tanarill: (Science!)
[personal profile] tanarill
So, I am a senior. At my school, being in your last two semesters means that you have to apply to a professor for an then be accepted to a senior research project. Basically, you lab monkey for a prof and learn all kinds of tricks.

My prof is attempting to make hollow gold nanoparticles. A gold nanoparticle, as we have known since the Renaissance, will absorb light differently than large gold nuggets, and therefore appear red; thus, "ruby gold," a very difficult to make and therefore massively expensive form of glass (at the time).

What we are trying to do is make a gold shell, only 6-10 nanometers thick, but empty on the inside. How do you do it?! you may well ask.

It involves making a cobalt nanoparticle first. Cobalt(II) ions are easily soluble, so we put those in solution, and then add a reducing agent. Reducing agents donate electrons, and therefore the cobalt(II) ions become very, very tiny particles of metallic cobalt. Nanoparticles, even.

Then we add some gold(III) ions. See, cobalt doesn't really like to be metallic; the second you add something which will accept electrons, it will give them up. Therefore, whenever a gold atom hits a cobalt nanoparticle, the cobalt immediately gives up the electrons and the gold becomes metallic. Thus, a gold shell forms around what was the cobalt nanoparticle. At the same time, the cobalt becomes cobalt(II) and floats off into solution.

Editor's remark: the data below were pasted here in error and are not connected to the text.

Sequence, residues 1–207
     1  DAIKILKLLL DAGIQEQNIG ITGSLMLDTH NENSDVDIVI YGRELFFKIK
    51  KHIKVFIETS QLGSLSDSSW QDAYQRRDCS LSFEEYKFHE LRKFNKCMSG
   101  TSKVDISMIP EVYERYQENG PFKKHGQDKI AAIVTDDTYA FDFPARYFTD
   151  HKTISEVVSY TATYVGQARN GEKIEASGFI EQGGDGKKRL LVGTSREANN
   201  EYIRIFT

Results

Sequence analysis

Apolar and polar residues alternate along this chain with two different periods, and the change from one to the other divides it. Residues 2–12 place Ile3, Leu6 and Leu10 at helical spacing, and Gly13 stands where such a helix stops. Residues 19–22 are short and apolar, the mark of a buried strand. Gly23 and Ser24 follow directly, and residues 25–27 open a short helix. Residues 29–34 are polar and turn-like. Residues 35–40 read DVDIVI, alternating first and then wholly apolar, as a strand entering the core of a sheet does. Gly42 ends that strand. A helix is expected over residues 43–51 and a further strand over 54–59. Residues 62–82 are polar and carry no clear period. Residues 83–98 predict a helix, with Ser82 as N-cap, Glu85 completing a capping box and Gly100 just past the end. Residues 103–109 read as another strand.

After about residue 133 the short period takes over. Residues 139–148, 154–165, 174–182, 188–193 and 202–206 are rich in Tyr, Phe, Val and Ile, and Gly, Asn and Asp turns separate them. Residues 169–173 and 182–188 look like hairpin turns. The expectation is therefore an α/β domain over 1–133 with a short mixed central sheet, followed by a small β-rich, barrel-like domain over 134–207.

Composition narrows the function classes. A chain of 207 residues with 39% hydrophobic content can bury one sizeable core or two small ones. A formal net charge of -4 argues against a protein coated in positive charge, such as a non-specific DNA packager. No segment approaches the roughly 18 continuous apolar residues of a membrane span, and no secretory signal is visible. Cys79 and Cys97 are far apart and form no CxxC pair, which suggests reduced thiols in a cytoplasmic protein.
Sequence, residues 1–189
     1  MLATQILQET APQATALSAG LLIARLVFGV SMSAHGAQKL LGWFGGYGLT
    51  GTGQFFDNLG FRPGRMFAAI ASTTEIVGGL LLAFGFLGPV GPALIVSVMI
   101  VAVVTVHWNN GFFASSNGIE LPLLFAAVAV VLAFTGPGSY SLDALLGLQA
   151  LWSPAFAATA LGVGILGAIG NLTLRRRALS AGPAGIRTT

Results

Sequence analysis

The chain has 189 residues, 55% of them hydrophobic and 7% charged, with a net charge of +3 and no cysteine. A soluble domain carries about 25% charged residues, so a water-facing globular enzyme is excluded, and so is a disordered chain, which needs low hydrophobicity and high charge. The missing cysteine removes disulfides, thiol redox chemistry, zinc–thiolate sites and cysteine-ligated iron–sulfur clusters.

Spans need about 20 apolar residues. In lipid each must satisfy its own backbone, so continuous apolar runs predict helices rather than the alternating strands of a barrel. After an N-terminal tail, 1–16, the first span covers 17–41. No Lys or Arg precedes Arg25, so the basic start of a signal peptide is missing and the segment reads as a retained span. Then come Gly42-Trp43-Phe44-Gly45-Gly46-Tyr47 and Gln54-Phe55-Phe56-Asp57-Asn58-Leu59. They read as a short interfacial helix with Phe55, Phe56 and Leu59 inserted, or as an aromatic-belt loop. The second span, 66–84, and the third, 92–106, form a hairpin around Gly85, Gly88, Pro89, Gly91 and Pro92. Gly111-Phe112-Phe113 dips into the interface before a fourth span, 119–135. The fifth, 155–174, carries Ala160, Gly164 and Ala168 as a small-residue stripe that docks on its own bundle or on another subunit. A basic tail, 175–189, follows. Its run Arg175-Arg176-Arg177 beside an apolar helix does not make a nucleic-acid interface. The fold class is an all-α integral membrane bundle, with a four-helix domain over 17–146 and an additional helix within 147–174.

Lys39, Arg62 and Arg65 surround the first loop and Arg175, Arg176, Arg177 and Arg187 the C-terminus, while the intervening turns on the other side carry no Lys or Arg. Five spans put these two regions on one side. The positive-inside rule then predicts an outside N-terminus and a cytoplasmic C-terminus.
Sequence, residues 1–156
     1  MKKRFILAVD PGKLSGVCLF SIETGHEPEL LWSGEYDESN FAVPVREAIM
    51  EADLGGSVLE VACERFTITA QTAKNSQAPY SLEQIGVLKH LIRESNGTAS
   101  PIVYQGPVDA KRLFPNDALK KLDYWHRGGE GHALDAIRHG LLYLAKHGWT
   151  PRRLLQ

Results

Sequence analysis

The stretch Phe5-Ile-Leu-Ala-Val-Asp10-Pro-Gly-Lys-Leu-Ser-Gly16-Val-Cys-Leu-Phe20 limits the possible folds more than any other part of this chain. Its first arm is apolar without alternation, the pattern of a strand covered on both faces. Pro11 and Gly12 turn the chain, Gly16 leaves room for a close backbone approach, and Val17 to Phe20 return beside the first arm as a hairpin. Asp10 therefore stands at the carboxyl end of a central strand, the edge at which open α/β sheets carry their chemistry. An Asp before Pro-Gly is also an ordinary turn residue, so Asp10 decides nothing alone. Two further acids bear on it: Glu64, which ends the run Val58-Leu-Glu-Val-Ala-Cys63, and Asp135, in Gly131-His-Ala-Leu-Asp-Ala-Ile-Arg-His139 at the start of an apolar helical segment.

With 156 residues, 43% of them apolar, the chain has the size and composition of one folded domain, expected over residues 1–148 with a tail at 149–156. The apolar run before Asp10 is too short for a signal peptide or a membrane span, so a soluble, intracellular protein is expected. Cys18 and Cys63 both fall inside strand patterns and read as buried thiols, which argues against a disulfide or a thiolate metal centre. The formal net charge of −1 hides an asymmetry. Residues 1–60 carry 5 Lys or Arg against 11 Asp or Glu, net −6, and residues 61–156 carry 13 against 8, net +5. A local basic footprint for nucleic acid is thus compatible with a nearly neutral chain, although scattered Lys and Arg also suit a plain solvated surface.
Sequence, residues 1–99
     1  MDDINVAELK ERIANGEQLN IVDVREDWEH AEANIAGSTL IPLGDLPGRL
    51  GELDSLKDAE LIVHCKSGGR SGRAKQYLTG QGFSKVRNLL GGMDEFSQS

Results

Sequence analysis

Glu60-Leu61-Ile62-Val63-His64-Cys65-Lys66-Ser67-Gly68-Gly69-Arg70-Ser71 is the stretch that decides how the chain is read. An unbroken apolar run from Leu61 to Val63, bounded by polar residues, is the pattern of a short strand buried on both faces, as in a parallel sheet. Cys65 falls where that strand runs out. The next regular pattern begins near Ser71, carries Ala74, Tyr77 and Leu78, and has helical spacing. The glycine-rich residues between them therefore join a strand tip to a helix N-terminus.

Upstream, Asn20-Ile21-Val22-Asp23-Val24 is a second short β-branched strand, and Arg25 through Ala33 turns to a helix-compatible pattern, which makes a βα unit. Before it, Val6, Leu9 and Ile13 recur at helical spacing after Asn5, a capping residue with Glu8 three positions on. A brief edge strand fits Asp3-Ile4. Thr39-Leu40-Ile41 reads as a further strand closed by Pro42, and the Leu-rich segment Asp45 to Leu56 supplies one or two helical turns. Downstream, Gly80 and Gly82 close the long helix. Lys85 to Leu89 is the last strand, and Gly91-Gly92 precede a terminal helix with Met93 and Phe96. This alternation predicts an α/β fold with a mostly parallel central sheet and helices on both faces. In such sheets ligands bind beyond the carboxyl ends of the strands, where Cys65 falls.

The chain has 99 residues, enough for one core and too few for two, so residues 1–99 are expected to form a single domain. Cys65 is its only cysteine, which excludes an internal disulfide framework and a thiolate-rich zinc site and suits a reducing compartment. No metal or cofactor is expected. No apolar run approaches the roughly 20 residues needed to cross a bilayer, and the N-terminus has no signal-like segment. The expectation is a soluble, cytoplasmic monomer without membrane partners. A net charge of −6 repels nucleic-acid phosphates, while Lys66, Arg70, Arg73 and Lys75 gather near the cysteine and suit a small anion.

Of course, it's far more complicated than that. Cobalt, as I have said, really likes giving away electrons, to anything that will accept them. Unfortunately, this includes oxygen out of the air, so before beginning the reaction you have to spend about an hour removing oxygen and replacing it with nitrogen gas (which, on the whole, doesn't react). And then you have to keep oxygen from getting it when you add the gold . . .

Then there is the issue of forming cobalt nanoparticles. Sure, they start off that way, but what is to keep them from sticking together and forming large cobalt particles? The answer is acid (or rather, conjugate bases, but since you're mostly not-chemists . . . ). If you add an acid, it will stick to the outside of the nanoparticles. And, since all the acids have a negative charge, they repel each other, preventing any of the cobalt particles from getting close enough to stick. To make ruby glass, Renaissance glassmakers suspended the gold in a mix of nitric and hydrochloric acids! Fortunately, it's possible to use very a non-toxic acid called citric acid, which is incidentally vital to every cell in your body for getting energy out of food. So we add some citrate and call it good.